The continuing wave of bombings and assassinations in the heart of the two main ideological camps in Lebanon have prompted a string of dire warnings from top political and sectarian leaders—Hizbullah’s Naim Qassem, Future Movement’s Saad Hariri, Amal leader Nabih Berri, Progressive Socialist leader Walid Jumblatt, and others—that the country is threatened with destruction if things continue along their current trajectory. They are correct, of course, but to be taken more seriously they also should acknowledge three important corollary factors that they conveniently omit:
- Their own leadership legacies are a large reason for the precarious nature of the Lebanese state, for they are not passive bystanders but rather they have the power in their hands to make Lebanon a more stable place;
- Lebanon is very typical of many other existing Arab states that are equally threatened with self-generated implosion; and,
- Arab states and their existing power structures certainly are threatened, but society and the people of these countries will persist and regroup under more competent leaderships one day.
Governance systems might be dysfunctional, but societies at the grassroots will continue, as they have for thousands of years.
When Arab politicians start issuing frightening warnings about imminent national collapse, and always blame foreign hands for this predicament, the real threat is to their own political grip on the levers of power rather than on any imagined existential threat to their societies. Lebanon is probably the most severe Arab case of under-achieving national leadership because the power elite in the country has remained largely unchanged for the past half century, with the exception of the rise of Hizbullah and the Michel Aoun camp. So if this otherwise wonderful country truly is threatened with collapse, it is relatively easy to pin the blame on the collective mediocrity of the political elite that both prevents any meaningful domestic consensus while simultaneously forging deeper and deeper links with foreign patrons, financiers, protectors and armorers.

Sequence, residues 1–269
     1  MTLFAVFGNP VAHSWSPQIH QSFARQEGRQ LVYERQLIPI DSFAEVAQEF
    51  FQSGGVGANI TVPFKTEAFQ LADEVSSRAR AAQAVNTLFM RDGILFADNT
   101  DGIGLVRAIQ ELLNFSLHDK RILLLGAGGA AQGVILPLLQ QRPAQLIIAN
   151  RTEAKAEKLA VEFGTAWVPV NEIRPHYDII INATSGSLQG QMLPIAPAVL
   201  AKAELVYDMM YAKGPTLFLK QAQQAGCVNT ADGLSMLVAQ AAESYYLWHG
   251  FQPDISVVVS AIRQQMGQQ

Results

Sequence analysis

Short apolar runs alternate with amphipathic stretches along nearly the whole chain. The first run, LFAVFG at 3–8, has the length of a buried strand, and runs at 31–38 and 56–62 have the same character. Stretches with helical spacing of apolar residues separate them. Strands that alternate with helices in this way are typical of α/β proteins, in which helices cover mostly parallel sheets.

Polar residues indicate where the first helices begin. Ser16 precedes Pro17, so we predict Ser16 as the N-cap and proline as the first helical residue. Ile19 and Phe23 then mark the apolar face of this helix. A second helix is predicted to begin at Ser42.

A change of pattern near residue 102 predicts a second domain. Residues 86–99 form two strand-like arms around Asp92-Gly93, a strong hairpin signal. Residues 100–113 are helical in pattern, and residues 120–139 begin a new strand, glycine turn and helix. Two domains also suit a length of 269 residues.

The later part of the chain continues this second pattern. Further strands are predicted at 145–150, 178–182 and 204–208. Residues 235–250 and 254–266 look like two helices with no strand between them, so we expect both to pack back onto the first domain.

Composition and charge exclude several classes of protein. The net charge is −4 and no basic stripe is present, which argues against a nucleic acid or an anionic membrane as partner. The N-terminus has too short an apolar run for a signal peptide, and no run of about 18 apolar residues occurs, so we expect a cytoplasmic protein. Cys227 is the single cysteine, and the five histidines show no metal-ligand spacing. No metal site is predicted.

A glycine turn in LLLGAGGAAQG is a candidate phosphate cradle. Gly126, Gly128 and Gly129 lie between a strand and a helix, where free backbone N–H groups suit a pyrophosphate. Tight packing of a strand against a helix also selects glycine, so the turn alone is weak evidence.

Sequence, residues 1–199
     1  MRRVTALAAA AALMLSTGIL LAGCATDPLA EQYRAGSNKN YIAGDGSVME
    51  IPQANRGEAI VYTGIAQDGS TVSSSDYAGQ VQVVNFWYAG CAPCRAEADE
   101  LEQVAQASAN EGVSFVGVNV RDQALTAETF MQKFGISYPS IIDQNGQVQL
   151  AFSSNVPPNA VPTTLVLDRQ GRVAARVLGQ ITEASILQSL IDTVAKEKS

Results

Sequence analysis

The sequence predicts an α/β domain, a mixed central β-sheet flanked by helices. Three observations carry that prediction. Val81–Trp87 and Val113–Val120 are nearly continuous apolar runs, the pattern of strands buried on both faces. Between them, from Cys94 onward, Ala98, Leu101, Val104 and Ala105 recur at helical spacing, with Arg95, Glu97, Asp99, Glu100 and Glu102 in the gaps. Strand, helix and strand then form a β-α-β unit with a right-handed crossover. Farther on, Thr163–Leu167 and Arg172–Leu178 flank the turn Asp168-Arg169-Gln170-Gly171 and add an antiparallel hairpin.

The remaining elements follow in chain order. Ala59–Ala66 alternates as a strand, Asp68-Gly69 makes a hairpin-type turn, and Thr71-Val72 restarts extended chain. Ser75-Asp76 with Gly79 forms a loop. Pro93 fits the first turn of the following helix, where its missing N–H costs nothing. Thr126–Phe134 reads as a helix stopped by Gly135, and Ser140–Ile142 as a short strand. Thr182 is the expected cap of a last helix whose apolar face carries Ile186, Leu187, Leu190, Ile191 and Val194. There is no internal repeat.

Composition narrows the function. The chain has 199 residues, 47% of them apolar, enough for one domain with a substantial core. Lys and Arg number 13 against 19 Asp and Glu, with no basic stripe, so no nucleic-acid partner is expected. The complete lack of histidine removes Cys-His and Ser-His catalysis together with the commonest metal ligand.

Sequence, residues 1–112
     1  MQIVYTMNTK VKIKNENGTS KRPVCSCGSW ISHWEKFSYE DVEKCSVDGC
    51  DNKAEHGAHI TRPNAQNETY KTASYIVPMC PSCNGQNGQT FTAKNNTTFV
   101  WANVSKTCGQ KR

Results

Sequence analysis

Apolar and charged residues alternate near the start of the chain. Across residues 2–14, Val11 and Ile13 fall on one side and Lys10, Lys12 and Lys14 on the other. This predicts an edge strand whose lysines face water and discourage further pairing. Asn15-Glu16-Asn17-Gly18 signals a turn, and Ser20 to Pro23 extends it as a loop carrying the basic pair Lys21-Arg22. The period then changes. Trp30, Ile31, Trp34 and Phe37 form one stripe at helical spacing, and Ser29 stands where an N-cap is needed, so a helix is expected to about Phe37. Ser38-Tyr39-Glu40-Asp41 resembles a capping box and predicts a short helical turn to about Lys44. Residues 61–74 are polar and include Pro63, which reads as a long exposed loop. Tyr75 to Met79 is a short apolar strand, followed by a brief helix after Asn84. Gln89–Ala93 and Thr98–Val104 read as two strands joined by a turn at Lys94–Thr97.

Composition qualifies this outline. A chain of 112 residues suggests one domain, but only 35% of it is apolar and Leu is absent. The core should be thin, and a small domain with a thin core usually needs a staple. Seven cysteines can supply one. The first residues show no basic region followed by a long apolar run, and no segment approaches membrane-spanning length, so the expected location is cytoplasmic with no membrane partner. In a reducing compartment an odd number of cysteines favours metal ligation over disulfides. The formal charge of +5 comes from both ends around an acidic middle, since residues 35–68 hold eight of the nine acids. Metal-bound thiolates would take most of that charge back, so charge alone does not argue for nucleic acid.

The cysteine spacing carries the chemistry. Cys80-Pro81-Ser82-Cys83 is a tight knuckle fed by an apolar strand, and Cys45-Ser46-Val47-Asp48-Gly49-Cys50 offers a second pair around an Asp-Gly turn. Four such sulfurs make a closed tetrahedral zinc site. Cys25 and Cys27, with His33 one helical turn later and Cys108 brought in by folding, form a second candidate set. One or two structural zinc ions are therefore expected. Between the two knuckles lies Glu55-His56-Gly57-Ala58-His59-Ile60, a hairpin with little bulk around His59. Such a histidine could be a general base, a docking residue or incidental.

So what should we make of the sudden announcement earlier this week that Saudi Arabia was providing the Lebanese armed forces with $3 billion to upgrade its capabilities? The expected impact, given Lebanon’s severely dysfunctional and polarized political system, would be a fresh round of sharp accusations by both main ideological camps that make of this generous grant a new cause for contention and political immobilization. This is likely in view of the current state of Lebanese political stagnation, but it would be terribly unfortunate and a huge missed opportunity, given the pivotal role that the armed forces play in the country today to keep it below the threshold of national collapse.
The actual Saudi motives for offering this grant are known only to the leadership in Riyadh, which has become much more proactive on the regional political stage. The Lebanese president, Michel Suleiman, a former armed forces commander, knows very well the immense need for this boost to the capabilities of the military, along with the critical need to maintain its political neutrality. The $3 billion grant to the armed forces, coming at a time of escalating violence across the entire country, could be a means to move towards an agreement on the one issue that strikes at the heart of the deeply stressed political system: the fact of a heavily armed Hizbullah group that operates outside the control of the state.
Hizbullah has argued for years that it must maintain its military and intelligence capabilities to protect the country from Israeli and other threats, because the central government and the national defense forces are unable to do the job. Repeated attempts in the National Dialogue process to reach agreement on a national defense and security strategy have always failed. Could President Suleiman, with a combination of other respected figures, initiate a process that uses the $3 billion grant as a political catalyst to initiate a fresh attempt to bring Hizbullah into a mechanism to forge a more effective national security system?
In effect, this would challenge Hizbullah to reveal the veracity of its argument that it needs to maintain its independent military capability because the state is not doing its job to protect the country. The combination of a rejuvenated national armed forces that enjoys widespread public support and also draws on Hizbullah’s proven technical capabilities would seem to be a win-win situation for all Lebanese. If Hizbullah rejects such an approach, it would lead many Lebanese to conclude that it was never honest about the reason for maintaining its armed capabilities, and Lebanon would persist on its disastrous path towards internal strife and chaos. If it accepts, Lebanon might look forward to a better future with more internal cohesion and stability.
This is a very unlikely scenario, but it is useful once in a while to try and imagine a more productive situation than a parade of Lebanese politicians predicting imminent doom, when they have the power to achieve something more decent and dignified for their own people.
Rami G. Khouri is Editor-at-large of The Daily Star, and Director of the Issam Fares Institute for Public Policy and International Affairs at the American University of Beirut, in Beirut, Lebanon. You can follow him @ramikhouri.
Copyright © 2014 Rami G. Khouri—distributed by Agence Global